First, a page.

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Living with another person is never easy, but it may be a necessity when you simply can’t afford a house or apartment on your own. A roommate will have a big impact on your everyday life. You’re sharing the same space, after all, so you’re going to be around each other a lot.
No one wants to dread the idea of going home. You can avoid a lot of headaches by carefully selecting a roommate, knowing how to avoid problems and conflicts and knowing how to deal with problems if they pop up.
Where to Look for Roommates
You might find your roommate in a number of different ways, including:
- Referrals from friends
- Local classified ads
- School, church and grocery store bulletin boards
Choosing Your Roommates
Finding a roommate you get along with will lessen the stress involved in sharing your living space and household expenses with another person. It’s important to talk to potential roommates and ask a lot of questions. Carefully observe the person during your interview. Behaviors you notice during the interview can give you insight into the person’s character.
Some things to look for:
- On time for interview
- Compatible personality
- Neat appearance
- Polite behavior
Don’t be afraid to ask questions about things important to you, including:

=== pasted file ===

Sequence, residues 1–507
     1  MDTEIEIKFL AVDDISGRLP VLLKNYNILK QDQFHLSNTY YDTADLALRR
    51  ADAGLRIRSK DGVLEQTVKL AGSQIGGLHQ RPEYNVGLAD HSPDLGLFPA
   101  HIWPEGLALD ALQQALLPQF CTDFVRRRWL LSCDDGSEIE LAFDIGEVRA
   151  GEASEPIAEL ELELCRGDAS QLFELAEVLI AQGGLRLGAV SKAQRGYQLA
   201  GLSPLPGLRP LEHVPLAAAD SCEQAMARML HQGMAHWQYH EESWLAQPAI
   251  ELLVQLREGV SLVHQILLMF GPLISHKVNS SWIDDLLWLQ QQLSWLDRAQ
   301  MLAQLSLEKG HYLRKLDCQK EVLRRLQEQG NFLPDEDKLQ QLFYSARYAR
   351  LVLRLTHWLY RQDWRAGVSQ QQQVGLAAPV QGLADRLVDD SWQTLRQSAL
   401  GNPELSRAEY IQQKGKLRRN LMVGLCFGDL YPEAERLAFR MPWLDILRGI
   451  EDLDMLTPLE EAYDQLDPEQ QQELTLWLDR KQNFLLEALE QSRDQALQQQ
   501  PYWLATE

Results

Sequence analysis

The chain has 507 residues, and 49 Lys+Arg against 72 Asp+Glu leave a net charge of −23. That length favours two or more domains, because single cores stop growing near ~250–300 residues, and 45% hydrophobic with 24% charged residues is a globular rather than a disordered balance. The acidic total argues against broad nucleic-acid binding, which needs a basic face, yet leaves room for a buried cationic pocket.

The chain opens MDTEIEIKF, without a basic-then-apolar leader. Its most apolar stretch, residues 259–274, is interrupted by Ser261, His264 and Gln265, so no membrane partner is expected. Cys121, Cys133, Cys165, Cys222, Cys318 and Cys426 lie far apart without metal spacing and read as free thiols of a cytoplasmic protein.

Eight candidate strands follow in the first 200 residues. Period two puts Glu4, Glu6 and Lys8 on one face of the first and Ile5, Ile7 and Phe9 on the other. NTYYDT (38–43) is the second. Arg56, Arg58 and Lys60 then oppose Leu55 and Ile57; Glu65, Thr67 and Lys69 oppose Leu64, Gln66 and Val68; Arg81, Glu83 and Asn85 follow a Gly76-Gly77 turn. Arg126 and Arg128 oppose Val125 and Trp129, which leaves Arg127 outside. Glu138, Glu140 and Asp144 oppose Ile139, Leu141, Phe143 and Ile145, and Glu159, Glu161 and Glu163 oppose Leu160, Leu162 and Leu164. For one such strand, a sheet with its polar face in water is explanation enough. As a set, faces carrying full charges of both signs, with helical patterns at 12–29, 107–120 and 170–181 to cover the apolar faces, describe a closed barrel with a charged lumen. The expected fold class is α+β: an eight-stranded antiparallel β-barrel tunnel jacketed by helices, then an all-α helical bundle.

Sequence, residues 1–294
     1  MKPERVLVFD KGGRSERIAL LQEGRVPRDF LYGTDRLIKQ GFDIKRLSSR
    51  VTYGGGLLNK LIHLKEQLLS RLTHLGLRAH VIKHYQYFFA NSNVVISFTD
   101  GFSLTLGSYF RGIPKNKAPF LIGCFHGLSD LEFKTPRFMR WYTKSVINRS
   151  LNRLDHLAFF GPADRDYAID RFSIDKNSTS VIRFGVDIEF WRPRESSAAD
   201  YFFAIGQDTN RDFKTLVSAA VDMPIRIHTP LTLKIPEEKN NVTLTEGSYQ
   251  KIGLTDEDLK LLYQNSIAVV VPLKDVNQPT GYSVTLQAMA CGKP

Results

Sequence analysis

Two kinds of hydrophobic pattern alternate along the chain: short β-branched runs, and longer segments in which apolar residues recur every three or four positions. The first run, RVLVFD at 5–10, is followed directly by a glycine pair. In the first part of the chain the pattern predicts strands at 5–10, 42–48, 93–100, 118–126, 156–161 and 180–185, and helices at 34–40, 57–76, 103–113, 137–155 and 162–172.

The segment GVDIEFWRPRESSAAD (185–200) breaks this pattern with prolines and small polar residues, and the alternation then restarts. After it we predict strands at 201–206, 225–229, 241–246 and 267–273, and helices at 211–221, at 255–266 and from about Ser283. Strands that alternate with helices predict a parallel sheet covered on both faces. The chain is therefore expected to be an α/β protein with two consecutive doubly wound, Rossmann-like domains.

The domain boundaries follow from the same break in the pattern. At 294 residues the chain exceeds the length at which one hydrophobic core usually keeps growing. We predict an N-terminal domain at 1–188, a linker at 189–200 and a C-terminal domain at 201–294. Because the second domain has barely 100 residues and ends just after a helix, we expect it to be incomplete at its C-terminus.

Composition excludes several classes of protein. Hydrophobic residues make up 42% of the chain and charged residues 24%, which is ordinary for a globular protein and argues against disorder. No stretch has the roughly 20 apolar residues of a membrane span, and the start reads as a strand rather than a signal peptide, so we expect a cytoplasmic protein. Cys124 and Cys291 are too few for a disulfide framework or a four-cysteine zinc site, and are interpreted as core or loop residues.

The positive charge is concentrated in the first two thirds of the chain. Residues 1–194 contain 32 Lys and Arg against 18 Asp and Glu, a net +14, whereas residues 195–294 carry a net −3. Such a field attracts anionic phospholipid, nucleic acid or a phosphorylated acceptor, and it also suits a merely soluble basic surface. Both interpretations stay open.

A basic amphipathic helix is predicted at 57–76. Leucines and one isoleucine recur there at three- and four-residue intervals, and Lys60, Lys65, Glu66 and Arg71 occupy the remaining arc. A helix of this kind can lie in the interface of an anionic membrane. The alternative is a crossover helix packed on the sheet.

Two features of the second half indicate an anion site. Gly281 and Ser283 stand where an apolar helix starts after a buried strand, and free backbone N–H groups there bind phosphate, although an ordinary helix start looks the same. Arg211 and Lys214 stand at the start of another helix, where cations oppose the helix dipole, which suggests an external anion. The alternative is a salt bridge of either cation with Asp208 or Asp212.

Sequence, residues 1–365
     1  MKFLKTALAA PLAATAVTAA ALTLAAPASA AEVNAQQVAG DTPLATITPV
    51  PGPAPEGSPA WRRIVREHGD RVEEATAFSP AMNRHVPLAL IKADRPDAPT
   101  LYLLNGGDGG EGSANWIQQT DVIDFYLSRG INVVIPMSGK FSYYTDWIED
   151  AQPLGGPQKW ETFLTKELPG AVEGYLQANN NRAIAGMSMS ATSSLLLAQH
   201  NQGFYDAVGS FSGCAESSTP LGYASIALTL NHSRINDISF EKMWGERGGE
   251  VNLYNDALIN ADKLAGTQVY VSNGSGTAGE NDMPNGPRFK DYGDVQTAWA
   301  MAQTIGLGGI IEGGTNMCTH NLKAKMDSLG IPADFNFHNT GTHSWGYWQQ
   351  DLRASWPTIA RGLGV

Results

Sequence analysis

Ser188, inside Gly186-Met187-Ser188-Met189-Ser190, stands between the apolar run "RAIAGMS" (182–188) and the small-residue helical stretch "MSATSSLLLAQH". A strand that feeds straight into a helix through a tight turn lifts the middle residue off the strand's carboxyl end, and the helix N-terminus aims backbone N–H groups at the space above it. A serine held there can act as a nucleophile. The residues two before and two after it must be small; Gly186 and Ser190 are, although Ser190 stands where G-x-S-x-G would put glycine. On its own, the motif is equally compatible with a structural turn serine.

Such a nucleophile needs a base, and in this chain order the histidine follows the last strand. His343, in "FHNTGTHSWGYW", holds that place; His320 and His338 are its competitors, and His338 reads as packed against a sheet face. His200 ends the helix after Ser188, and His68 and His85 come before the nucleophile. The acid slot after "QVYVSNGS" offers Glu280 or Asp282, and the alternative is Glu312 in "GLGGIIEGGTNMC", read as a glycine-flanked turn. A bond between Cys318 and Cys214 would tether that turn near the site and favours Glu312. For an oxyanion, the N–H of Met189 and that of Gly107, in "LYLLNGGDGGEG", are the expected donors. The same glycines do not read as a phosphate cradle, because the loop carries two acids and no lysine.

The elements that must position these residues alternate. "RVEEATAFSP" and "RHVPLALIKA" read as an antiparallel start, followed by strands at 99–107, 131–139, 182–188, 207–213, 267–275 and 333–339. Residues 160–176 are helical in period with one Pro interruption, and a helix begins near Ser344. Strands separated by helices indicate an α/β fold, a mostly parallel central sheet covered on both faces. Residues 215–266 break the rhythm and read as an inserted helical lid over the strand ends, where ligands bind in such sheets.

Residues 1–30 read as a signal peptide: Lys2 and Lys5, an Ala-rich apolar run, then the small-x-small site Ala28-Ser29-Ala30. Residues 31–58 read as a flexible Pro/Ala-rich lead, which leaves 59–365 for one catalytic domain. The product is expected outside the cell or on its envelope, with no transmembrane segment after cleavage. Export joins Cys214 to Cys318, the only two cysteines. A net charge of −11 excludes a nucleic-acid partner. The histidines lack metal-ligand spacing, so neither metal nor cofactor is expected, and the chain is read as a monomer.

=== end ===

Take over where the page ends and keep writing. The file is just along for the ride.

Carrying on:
- Are you employed and for how long?
- What’s your schedule?
- How’s you health?
- Will you be having lots of friends over?
- Do you have any pets?
- Do you have references (former roommates or landlords)?
- Will you sign a roommate agreement?
Often, roommate disputes start with poor communication or a mismatch of expectations. Most of these disputes can be avoided by laying out simple guidelines and expectations at the beginning of the living arrangement in a roommate agreement.
It can outline rent and other payment responsibilities, a system of chores, how much notice is to be given before moving out and any other issues you want to include. It should include:
- Date of agreement
- Names of roommates
- Address of property
- Signatures of all roommates
Other items your agreement might include are limited only by your imagination, but you may want to consider including:
- Portion of rent and utilities to be paid by each roommate and due date
- Total amount of security deposit paid and portion of that deposit paid by each roommate
- Agreement that each roommate will pay for any damages that they or their guests cause
- Agreement that each roommate will continue to pay his or her share of the rent for a certain period of time if he or she needs to move out before the end of the lease period unless the landlord allows a replacement roommate
- Who will find, interview and decide on any new roommates
- Agreement that each roommate will pay a specific share of the cost of any repairs, improvements or other costs due under the terms of the lease
- Any house rules regarding pets
- Whether smoking is allowed and where
- Rules about drinking and drug use
- Rules about late hours and noise
- Whether there will be overnight guests and how often
- Whether grocery shopping and cooking duties will be shared
- Cleaning responsibilities and schedules
- Whether food items in the kitchen are to be shared
- Whether personal items including dishes, utensils, kitchen appliances and toiletries are to be shared
Remember, the roommate agreement is an agreement among the roommates. It’s not binding on the landlord. The lease is the agreement between tenants who signed the lease and the landlord.
Next, Settling Minor Disputes